1 Kings 13:25-26. They came and told it in the city — As a wonderful thing that the lion should neither fall upon his prey, nor hurt them who passed by, but suffer them to go on quietly, Who was disobedient unto the word of the Lord — Which was the true reason why he was so severely punished, in order that other prophets might not, upon any pretence or excuse, neglect punctually to attend to, and observe all the divine injunctions; for, had they not been deterred from neglecting and disregarding them, the authority of prophecy would have been soon lessened, and consequently the people have sooner or more readily fallen into idolatry. Which hath torn and slain him, according to the word of the Lord — God had not expressly said that a lion should tear him; but, that he should suffer a violent death in some way, was implied in the threatening that his carcass should not come into the sepulchre of his fathers.
1 Kings 13:28. He found, &c. — Here was a concurrence of miracles: that the ass did not run away from the lion, according to his nature, but boldly stood still, as waiting to carry the prophet to his burial; that the lion did not devour his prey, nor tear the ass, nor meddle with the travellers that passed by, nor hurt the old prophet, when he came to the spot, nor his ass; nor yet go away, when he had done his work, but stood still, as if, 1st, To preserve the carcass of the prophet, whom he had slain, from other wild beasts or fowls: 2d, As an evidence that the prophet’s death was not casual, nor the effect of a lion’s ravenous disposition, but of God’s singular and just judgment, who had directed the lion, by a supernatural power, how far to go, and where to stop; and, consequently, that the prophet’s prediction was divine, and would be infallibly accomplished in its proper time: and 3d, As a token of God’s favour to the deceased prophet, of whose very carcass he took such special care; thereby signifying, that, although for wise and just reasons he thought fit to take away his life, yet his remains were precious to him.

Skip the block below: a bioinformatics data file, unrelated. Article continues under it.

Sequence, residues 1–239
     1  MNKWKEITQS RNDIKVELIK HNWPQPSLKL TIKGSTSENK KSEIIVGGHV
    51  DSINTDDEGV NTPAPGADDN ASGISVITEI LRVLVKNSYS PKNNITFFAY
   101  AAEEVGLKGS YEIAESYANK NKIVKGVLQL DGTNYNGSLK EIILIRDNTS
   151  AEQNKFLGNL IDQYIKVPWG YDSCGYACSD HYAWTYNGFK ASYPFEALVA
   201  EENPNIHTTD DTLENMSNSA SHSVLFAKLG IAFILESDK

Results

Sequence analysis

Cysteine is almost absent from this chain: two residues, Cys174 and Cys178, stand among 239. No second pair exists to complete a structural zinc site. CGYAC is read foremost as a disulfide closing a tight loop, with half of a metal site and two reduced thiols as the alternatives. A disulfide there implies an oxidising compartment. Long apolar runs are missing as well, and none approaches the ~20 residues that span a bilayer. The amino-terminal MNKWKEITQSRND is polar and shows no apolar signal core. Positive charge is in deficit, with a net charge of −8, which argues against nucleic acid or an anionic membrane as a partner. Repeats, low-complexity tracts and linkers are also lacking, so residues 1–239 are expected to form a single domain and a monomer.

1 Kings 13:29-30. The prophet, (namely, the old prophet,) took up the carcass of the man of God — “If there were any truth,” says Henry, “in the vulgar opinion, sure the corpse bled afresh when he touched it; for he was, in effect, the murderer.” He laid his carcass in his own grave — A poor reparation this of the injury done him in deceiving him, and persuading him to disobey the command of God to his ruin. Hereby, however, the divine threatening, (in 1 Kings 13:22,) was fulfilled; and withal, the memory of his prophecy was revived from time to time, by the sight of his grave, and preserved among them; and even his carcass, resting there, might be a witness of their madness and desperate wickedness, in continuing to practise their abominable, idolatrous worship, after such an assurance of the dreadful effects of it. They mourned over him — Namely, the old prophet and his sons, and others, whom common humanity taught to lament the untimely death of so worthy a person. Saying, Alas! my brother — Which was a usual form of expression in funeral lamentations. “The case, indeed, was very piteous,” says Henry, “that so good a man, so faithful a prophet, and one so bold in God’s cause, should, for one offence, die as a criminal, while an old, lying prophet lived at ease, and an idolatrous prince in pomp and power. Thy way, O God, is in the sea, and thy path in the great waters! We cannot judge of men by their sufferings, nor of sins by their present punishments. With some the flesh is destroyed, that the spirit may be saved; while, with others, the flesh is pampered, that the soul may ripen for hell.” The reader will be pleased to see a similar reflection by Dr. Dodd. “Upon a review of this narrative, who can fail to admire the unsearchable secrets of the divine justice? Jeroboam revolts from his lawful sovereign, forsakes the worship of the true God, engages the people in gross idolatry, and is himself hardened by the menaces and miracles of the prophet, who wits sent to him; a false prophet deceives an innocent man with a lie, and draws him into an act of disobedience, contrary to his inclination; yet this wicked Jeroboam, and this seducing prophet, escape immediate punishment, while the other, who might mean no ill, perhaps, in turning back, is slain by a lion, and his body deprived of the sepulchre of his fathers! We must acknowledge, indeed, that the depths of the judgments of God are an abyss which our understandings cannot fathom; but nothing certainly can be a more sensible proof of the certainty of another life, and of the eternal recompenses or punishments which attend it, than to see the righteous so rigorously treated here, for slight offences, while, sentence not being speedily executed against evil men, we have an assurance from thence that God will bring every work into judgment, with every secret thing, whether it be good or evil, Ecclesiastes 12:14.”